Less means more for pigeons but not always
When humans are asked to judge the value of a set of objects of excellent quality, they often give this set higher value than those same objects with the addition of some of lesser quality. This is an example of the affect heuristic, often referred to as the less-is-more effect. Monkeys and dogs, too, have shown this suboptimal effect. But in the present experiments, normally hungry pigeons chose optimally: a preferred food plus a less--preferred food over a more-preferred food alone. In Experiment 2, however, pigeons on a less-restricted diet showed the suboptimal less-is-more effect. Choice on control trials indicated that the effect did not result from the novelty of two food items versus one. The effect in the less-food-restricted pigeons appears to result from the devaluation of the combination of the food items by the presence of the less-preferred food item. The reversal of the effect under greater food restriction may occur because, as motivation increases, the value of the less-preferred food increases faster than the value of the more-preferred food, thus decreasing the difference in value between the two foods.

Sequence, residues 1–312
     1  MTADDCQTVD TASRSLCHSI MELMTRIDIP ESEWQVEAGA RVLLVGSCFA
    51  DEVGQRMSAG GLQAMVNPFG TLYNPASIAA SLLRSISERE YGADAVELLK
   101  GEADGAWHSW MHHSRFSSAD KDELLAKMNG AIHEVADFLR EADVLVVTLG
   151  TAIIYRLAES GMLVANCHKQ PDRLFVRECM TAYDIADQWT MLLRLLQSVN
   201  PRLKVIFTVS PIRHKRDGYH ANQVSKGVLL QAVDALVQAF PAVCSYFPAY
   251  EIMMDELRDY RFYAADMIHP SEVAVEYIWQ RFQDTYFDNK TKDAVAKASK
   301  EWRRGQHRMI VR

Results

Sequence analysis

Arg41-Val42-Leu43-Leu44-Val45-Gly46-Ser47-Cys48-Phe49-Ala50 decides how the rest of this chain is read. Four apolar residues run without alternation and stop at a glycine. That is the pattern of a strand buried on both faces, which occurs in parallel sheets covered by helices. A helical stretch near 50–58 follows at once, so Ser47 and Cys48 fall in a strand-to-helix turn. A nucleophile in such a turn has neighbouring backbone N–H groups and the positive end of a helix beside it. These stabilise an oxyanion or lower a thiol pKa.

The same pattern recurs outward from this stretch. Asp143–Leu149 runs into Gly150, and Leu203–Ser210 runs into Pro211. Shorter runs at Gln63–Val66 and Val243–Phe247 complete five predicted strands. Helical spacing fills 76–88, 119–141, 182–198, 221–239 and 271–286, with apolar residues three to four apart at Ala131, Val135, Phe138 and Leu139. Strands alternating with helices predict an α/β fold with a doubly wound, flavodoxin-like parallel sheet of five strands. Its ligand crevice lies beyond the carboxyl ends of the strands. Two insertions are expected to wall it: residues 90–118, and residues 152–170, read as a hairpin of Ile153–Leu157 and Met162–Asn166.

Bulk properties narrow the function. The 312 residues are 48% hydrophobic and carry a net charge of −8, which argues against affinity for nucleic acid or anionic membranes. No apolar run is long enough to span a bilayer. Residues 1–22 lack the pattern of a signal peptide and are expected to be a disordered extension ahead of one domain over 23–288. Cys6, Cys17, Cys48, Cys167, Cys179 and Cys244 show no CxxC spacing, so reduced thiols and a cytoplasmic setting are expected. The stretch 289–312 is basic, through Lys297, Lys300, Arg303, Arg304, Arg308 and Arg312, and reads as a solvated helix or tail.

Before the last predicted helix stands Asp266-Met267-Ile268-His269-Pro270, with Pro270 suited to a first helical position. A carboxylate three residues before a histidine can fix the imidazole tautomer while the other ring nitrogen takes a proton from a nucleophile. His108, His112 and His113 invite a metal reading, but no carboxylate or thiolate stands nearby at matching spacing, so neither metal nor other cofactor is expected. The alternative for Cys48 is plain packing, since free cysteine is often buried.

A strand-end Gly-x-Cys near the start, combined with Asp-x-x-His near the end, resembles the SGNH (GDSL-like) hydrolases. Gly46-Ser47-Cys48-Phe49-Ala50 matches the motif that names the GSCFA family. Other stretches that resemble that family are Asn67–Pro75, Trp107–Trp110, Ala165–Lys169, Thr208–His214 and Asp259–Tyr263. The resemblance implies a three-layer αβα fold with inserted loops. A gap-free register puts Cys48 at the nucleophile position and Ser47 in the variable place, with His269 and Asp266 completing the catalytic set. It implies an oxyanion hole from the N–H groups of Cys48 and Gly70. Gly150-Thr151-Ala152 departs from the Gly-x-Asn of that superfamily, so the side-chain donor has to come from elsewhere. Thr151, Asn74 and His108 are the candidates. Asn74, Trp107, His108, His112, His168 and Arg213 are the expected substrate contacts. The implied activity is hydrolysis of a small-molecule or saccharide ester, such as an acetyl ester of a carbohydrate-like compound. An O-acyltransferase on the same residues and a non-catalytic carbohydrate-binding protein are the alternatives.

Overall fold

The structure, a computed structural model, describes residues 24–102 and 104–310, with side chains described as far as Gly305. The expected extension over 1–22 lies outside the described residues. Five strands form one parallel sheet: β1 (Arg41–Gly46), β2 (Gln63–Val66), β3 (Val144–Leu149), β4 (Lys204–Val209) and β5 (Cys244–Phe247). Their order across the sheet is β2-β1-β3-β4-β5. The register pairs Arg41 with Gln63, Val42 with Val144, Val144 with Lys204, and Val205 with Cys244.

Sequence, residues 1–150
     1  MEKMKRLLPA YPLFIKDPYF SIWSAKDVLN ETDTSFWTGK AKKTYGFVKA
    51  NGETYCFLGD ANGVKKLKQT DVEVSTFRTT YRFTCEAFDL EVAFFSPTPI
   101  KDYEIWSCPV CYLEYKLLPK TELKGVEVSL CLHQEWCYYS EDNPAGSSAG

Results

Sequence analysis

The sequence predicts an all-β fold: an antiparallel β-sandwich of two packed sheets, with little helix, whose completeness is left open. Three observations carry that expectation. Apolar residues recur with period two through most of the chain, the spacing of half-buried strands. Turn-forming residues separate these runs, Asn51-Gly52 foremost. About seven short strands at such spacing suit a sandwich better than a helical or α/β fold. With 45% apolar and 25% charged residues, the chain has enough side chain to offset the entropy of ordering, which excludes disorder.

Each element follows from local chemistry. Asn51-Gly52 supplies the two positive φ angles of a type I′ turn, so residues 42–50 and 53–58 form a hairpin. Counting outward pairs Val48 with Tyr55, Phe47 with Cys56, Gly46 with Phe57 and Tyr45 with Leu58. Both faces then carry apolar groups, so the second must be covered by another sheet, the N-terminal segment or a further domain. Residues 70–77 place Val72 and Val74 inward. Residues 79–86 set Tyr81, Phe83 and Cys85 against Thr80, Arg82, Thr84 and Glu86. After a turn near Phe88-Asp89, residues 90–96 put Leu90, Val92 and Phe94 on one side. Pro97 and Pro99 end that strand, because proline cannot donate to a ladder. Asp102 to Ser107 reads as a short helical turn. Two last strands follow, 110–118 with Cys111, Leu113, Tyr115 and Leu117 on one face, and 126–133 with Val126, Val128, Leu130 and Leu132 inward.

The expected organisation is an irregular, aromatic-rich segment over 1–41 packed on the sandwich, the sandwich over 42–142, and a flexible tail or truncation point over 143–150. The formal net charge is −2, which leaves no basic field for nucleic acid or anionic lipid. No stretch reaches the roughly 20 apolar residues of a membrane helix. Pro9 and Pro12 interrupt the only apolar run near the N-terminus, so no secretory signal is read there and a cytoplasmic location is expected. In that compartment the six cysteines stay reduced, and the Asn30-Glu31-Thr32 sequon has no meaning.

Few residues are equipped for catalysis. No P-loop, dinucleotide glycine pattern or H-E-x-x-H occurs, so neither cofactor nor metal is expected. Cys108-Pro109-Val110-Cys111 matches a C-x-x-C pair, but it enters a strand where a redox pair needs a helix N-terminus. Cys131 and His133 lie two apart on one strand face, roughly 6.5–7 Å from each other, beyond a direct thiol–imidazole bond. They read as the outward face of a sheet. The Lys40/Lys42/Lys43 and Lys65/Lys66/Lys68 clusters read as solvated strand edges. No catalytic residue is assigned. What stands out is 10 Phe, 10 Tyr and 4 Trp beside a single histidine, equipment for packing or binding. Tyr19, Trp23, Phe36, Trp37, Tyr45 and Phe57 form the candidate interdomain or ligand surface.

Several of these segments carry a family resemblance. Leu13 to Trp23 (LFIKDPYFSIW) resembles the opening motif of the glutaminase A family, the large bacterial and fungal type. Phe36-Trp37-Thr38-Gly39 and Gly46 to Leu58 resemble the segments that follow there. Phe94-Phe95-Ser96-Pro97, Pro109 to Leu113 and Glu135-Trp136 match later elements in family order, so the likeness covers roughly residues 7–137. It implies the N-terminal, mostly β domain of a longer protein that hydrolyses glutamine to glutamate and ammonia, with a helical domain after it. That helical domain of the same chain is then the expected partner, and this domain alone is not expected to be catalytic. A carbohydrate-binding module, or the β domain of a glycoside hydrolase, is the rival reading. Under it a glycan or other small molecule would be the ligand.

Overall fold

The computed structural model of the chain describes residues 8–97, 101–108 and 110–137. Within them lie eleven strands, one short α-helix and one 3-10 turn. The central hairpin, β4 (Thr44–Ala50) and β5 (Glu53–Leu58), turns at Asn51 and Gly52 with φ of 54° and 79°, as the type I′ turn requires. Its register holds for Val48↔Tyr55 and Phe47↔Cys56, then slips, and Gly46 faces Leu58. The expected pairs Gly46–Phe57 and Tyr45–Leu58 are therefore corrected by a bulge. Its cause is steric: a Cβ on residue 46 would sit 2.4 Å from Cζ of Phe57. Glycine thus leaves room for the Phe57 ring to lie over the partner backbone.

KeywordsAffective heuristic Less-is-more effect Suboptimal choice Paradoxical choice Level of motivation Pigeons
The research described in this article was supported by National Institute of Mental Health Grant No. 63726 and by National Institute of Child Health and Development Grant No. 60996.
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